As World Cup kicks off, women’s soccer ‘poised for exponential growth’ says U.S. Soccer chief

Women’s soccer is firmly in the spotlight after the Women’s World Cup kicked off in host nations Australia and New Zealand on Thursday.

New Zealand pulled off a shock victory over Norway in their opening game in Auckland, registering their first win in a Women’s or Men’s World Cup. Australia then kicked off their campaign with a 1-0 win over Ireland in Sydney.

The U.S. team enters the tournament as favorites, and are chasing a record third consecutive World Cup victory. This year’s competition has been expanded to 32 teams and 64 matches, up from 24 teams and 52 matches in the 2019 tournament in France.

Recent years have seen major changes in women’s soccer, both on and off the field. Last year the U.S. women’s national team won their long fight for equal pay with the men’s national team, a major milestone for the sport.

Related: Women’s World Cup kicks off as New Zealand stuns Norway

Speaking on MarketWatch’s Best New Ideas in Money podcast, U.S. Soccer Federation President Cindy Parlow Cone explained that other national teams are following America’s lead.

“I think we’re starting to see it more and the impact on a number of other federations,” she said. “They’re taking steps to obtain equal pay or move towards it.”

The Canadian women’s national team, winners of the gold medal at the Tokyo Olympics, has been embroiled in a fight for pay equity with Canada Soccer. And just days before the Women’s World Cup kicked off in New Zealand and Australia, the Australian women’s team called out soccer’s global governing body FIFA over prize money inequity compared with the Men’s World Cup. 

In March, FIFA President Gianni Infantino announced that $110 million of basic prize money will be awarded at the Women’s World Cup, up from $30 million for the 2019 tournament. For this year’s tournament, FIFA is also providing $31 million for teams’ preparations and approximately $11 million in remuneration to clubs whose players are participating in the World Cup, taking the $110 million figure to $152 million. However, that is still dwarfed by the $440 million in prize money available at last year’s Men’s World Cup in Qatar.

Related: Women’s World Cup: Australian team targets FIFA over prize money inequity

Infantino said that FIFA aims to have equality in payments for the Men’s and Women’s World Cups in 2026 and 2027, respectively.

Last month, FIFA also announced a new financial distribution model ahead of the Women’s World Cup, detailing player payments at the tournament. Players whose teams exit the tournament at the group stage will receive $30,000, according to FIFA, with payments rising depending on how far teams progress in the tournament.  

“You’ve seen the steps that FIFA are taking in this World Cup,” Parlow Cone, who is the U.S. Soccer Federation’s first female president, told MarketWatch. “I think it’s great to see, and it’s definitely in the right direction, and FIFA has made sure that a portion of the prize money is guaranteed to go to the players, which every federation wasn’t doing that.”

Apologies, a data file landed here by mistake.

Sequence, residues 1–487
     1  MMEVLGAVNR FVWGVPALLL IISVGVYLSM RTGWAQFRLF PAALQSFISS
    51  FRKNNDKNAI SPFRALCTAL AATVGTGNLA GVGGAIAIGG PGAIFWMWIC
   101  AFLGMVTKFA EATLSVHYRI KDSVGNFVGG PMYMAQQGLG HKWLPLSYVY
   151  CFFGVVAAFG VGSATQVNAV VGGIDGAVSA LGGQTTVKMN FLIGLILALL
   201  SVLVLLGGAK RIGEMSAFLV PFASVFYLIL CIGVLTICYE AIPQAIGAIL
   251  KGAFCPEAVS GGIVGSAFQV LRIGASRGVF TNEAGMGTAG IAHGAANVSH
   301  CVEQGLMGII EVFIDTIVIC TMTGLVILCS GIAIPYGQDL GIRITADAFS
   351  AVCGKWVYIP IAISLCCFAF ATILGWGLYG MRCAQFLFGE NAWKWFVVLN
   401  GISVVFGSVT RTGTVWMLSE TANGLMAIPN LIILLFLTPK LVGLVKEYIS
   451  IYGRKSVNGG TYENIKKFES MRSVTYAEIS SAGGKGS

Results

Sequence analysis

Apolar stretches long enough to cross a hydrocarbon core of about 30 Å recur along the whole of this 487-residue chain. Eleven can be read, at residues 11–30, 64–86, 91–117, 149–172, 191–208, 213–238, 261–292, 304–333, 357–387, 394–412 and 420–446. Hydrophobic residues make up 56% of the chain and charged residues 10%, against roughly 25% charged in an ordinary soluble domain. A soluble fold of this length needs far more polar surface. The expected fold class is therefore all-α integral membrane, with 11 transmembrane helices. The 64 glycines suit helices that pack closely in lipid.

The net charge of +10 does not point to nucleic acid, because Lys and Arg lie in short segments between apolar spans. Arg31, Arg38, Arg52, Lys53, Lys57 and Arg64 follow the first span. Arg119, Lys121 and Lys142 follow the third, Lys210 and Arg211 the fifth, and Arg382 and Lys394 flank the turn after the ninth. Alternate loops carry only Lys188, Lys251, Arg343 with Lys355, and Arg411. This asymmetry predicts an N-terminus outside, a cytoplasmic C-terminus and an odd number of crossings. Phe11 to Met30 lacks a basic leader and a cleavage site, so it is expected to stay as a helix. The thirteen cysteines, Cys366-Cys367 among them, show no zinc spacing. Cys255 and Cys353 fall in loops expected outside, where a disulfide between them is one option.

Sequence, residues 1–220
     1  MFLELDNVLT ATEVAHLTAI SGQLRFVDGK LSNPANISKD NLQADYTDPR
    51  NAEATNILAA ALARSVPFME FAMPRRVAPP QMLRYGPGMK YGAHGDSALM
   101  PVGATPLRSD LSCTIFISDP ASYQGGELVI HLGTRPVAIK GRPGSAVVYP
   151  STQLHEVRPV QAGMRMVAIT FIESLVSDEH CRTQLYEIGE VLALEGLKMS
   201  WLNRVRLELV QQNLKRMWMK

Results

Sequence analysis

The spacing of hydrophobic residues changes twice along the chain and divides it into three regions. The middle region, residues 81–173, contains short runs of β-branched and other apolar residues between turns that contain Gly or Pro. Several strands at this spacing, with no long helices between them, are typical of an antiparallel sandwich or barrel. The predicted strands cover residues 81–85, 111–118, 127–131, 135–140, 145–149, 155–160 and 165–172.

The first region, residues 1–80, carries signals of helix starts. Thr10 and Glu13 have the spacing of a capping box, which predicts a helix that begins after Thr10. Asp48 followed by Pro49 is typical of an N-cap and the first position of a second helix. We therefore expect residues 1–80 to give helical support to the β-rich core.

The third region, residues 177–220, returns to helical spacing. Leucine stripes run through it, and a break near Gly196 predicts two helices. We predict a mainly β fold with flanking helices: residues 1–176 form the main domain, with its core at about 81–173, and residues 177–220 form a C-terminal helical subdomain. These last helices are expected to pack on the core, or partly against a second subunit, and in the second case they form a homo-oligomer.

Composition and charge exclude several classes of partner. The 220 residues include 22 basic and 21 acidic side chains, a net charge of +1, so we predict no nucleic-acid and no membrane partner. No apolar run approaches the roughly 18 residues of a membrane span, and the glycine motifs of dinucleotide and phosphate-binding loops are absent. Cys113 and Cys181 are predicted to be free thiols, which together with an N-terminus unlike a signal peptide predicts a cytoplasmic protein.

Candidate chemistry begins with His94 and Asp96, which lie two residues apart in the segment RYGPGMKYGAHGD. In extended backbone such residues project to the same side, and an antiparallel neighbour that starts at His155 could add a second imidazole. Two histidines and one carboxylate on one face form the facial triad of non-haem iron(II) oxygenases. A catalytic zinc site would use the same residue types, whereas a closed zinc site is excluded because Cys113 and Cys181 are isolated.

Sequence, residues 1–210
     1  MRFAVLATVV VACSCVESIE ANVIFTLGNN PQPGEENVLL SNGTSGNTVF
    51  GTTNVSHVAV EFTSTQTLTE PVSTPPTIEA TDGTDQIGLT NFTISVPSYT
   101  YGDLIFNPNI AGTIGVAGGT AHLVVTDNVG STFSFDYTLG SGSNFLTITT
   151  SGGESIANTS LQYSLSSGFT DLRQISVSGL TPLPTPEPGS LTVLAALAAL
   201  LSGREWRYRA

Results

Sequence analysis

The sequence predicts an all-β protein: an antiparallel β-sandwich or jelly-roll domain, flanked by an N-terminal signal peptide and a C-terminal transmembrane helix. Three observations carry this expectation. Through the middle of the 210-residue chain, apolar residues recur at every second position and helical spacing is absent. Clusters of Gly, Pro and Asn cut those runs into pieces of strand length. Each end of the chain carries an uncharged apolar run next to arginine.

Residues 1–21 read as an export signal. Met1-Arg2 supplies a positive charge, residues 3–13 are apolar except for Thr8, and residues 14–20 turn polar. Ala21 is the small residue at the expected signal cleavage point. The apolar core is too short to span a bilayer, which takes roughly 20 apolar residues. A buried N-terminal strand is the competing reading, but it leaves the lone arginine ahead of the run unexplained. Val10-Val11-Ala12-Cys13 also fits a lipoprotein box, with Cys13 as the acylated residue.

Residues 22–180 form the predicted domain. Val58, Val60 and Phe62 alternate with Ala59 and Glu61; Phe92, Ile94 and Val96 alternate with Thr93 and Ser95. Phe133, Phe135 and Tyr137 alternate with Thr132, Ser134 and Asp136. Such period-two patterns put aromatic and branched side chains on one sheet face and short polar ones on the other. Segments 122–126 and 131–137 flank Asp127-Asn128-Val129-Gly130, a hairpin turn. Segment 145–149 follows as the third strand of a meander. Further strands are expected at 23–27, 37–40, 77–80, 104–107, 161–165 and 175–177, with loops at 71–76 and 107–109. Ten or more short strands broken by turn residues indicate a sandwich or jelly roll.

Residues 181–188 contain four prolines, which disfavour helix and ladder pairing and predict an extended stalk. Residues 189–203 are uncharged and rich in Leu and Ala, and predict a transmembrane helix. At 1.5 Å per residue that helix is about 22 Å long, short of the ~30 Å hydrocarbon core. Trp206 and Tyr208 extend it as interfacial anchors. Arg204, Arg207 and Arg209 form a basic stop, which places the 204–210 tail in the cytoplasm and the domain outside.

“But obviously there’s still a lot more work to be done and we’ll continue to work with FIFA,” she added.

Related: Women’s World Cup: Australian team targets FIFA over prize money inequity

“The important thing is that we continue making progress toward equal pay, toward equal investment, whether that’s starting youth girls’ teams or starting your women’s national team, or increasing and improving the programming for those teams or closing the gap in pay between the men’s and women’s programming,” Parlow Cone said.

The U.S. Soccer president, herself a World Cup winner in 1999 and two-time Olympic gold medalist, explained that, across the board, women’s soccer is attracting much more attention. “We’re also seeing sponsors committing more to women’s sports, media and broadcasters investing more in their coverage,” she said. “And obviously more fans are coming to the games and showing up and watching it on television.”

Earlier this week Visa Inc.

renewed its partnership with the U.S. Soccer Federation. Reflecting the ongoing push for parity, the deal now ensures that at least 50% of Visa’s soccer programming investment will be directed to the women’s national team and women’s soccer initiatives.

record 1.1 billion viewers around the world watched coverage of the 2019 Women’s World Cup across all platforms, according to FIFA. The world football governing body expects that over 2 billion people will tune in to this year’s Women’s World Cup.

Related: Women’s World Cup could be worth $300 million in media rights

In 2019, more than 13 million girls and women were playing organized football across the globe, according to FIFA, an estimated 9.5 million of whom were in the U.S. The numbers reflect the growth of women’s soccer. In 2006, for example, there were 4.1 million registered female players around the world.

“All of this progress is fantastic and we’ll continue to push, but this really, I think, is just the beginning for women’s soccer,” Parlow Cone told MarketWatch. “I think the men’s game is going to continue to grow, but the women’s game is really poised for exponential growth.”

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